All About History


It was the height of the Sengoku Jidai (1467-1603), the terrible age when Japan’s imperial system nearly collapsed among feuding warlords. As powerful samurai families vied for supremacy one particular rivalry echoed through the centuries to be hailed as an indelible part of Japan’s national heritage. At the time of the Sengoku, two great houses, one led by a relentless military strategist and the other by a pious warrior, sought to expand their territory. The bitter struggle would drag on for 11 years.

In the province of Shinano there was an empty plain called Kawanakajima where the Sai and Chikuma rivers met. It was over this terrain that the armies belonging to Takeda Shingen and Uesugi Kenshin faced each other on numerous occasions. The reason for their enmity was direct control of Shinano; the Takeda clan wanted it added to their domain while the Uesugi deemed it a useful buffer to protect their own province, Echigo. In 1555, the two armies even camped on opposite ends of Kawanakajima waiting several months for the perfect opportunity to conclude a siege. Despite the fact that the Takeda were on the defensive and had the advantage of possessing firearms, no decisive chance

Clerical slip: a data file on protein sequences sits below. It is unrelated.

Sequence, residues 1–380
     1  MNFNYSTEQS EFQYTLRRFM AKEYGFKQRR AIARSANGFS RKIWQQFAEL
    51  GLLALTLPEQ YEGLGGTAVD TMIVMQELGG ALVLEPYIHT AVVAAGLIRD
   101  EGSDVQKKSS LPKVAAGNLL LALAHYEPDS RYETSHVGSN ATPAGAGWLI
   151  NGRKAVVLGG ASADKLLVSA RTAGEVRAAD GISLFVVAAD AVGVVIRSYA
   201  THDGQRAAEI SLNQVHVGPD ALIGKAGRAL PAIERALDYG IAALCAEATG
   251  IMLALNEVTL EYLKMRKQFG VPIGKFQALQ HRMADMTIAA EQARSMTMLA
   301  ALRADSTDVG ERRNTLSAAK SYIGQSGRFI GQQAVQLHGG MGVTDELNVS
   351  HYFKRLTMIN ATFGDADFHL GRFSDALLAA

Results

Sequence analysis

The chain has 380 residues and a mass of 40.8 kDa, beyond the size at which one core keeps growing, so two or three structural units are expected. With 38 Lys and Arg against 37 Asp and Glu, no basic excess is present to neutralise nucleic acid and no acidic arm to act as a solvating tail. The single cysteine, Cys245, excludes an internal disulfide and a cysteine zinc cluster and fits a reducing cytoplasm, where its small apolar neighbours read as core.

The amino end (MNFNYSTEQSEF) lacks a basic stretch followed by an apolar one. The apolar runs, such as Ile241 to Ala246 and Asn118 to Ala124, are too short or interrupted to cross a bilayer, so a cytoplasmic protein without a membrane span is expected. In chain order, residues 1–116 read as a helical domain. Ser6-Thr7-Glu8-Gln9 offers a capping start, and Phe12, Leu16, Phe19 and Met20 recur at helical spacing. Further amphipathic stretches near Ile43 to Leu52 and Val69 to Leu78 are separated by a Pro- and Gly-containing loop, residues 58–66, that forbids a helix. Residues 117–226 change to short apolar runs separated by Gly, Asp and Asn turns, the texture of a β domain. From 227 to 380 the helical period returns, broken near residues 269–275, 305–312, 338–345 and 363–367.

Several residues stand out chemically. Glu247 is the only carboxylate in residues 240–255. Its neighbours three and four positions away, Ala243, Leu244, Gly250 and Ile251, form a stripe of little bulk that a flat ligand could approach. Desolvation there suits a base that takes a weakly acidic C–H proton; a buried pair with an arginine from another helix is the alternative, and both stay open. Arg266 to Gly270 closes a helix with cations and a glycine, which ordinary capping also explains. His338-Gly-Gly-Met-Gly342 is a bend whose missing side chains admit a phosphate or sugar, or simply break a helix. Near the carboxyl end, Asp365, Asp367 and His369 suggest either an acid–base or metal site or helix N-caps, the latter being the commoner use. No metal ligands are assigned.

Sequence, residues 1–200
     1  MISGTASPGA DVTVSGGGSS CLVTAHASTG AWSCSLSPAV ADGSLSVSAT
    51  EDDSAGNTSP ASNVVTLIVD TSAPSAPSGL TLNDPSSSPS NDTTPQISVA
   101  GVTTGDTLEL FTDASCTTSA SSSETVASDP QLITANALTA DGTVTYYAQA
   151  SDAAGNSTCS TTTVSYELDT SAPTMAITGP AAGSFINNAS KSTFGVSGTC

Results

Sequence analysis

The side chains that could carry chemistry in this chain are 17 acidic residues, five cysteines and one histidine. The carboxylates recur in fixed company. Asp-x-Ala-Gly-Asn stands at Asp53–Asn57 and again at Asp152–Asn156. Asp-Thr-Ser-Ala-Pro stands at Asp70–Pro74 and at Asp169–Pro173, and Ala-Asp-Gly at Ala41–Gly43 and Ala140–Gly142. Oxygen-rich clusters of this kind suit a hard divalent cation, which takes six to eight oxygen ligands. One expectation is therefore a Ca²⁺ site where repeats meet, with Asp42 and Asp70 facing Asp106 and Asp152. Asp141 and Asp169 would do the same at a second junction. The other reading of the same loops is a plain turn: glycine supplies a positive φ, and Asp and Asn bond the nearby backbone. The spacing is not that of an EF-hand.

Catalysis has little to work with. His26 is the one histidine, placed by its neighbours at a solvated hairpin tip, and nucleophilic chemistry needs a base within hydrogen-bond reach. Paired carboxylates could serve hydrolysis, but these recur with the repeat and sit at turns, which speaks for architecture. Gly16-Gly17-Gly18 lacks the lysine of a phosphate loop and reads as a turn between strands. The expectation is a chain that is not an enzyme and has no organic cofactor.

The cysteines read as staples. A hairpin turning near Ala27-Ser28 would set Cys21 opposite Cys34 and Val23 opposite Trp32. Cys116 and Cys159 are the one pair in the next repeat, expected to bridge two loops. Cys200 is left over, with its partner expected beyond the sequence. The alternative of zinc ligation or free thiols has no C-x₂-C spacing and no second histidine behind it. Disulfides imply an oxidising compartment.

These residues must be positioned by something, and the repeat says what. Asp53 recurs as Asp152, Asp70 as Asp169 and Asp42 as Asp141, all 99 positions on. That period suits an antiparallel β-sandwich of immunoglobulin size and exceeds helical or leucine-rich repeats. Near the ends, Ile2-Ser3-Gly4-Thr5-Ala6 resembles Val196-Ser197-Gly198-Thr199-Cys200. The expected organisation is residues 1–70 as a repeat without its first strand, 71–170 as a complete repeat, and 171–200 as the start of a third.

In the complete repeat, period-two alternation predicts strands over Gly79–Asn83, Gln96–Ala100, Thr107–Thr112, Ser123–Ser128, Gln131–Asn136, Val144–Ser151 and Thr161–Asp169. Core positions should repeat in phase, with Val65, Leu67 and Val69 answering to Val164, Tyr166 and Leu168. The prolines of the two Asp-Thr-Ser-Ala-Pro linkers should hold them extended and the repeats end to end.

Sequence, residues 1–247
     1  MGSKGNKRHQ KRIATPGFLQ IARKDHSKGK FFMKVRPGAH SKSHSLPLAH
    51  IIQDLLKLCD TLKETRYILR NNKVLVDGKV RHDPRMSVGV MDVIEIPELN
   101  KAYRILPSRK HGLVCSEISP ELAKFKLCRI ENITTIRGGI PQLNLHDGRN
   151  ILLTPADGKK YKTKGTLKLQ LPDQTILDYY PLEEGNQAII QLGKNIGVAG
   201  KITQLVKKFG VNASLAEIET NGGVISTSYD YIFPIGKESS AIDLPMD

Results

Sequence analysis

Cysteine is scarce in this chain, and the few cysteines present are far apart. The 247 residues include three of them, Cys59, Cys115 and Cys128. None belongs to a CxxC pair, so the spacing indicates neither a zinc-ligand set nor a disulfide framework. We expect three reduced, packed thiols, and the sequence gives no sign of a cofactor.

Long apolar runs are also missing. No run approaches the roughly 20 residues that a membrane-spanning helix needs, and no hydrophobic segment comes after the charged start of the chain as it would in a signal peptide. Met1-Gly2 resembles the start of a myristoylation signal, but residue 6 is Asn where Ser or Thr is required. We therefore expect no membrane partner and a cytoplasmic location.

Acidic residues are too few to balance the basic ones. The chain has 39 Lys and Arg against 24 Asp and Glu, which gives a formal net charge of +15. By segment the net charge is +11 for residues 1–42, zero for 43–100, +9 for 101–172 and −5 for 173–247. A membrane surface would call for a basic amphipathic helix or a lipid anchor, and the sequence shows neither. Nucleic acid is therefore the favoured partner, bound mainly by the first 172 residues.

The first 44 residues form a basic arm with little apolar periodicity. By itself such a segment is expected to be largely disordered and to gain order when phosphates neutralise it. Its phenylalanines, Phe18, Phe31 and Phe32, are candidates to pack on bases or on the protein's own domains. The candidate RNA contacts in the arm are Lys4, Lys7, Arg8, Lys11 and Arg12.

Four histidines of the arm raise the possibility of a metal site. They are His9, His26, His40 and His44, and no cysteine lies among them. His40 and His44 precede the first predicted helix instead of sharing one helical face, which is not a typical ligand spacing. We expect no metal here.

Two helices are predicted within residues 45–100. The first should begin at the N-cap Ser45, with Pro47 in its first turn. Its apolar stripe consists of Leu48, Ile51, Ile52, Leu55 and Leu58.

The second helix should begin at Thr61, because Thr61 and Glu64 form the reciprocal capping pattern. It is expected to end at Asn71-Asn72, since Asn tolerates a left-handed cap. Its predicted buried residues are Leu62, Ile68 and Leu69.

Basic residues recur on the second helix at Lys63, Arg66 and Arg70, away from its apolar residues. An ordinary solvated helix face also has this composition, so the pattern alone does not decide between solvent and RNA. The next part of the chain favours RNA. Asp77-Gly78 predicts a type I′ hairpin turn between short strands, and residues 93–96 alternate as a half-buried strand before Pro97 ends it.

Estás leyendo una vista previa, regístrate para leer más.

Más de All About History

All About History3 min. leídos
Key Events
An Athenian archon named Solon passes a series of constitutional reforms that open up political representation based on wealth to a wider array of citizens. 594 BCE 492 BCE Starting half a century of conflict, Darius the Great invades Greece with the
All About History4 min. leídos
Professor Edith Hall
Edith Hall is professor in the Classics Department at King’s Collect London, specialising in Ancient Greek literature and cultural history. She has published several books including Aristotle’s Way: Ten Ways Ancient Wisdom Can Change Your Life (The B
All About History9 min. leídos
Strange Lives Of Maya Kings
Out of the dark shadows emerged a fairytale sight, a fantastic and transcendental view of another world. Such was the stunned reaction of the archaeologist Alberto Ruz Lhuillier as he first entered the tomb of K’inich Janaab’ Pakal in 1952. Pakal had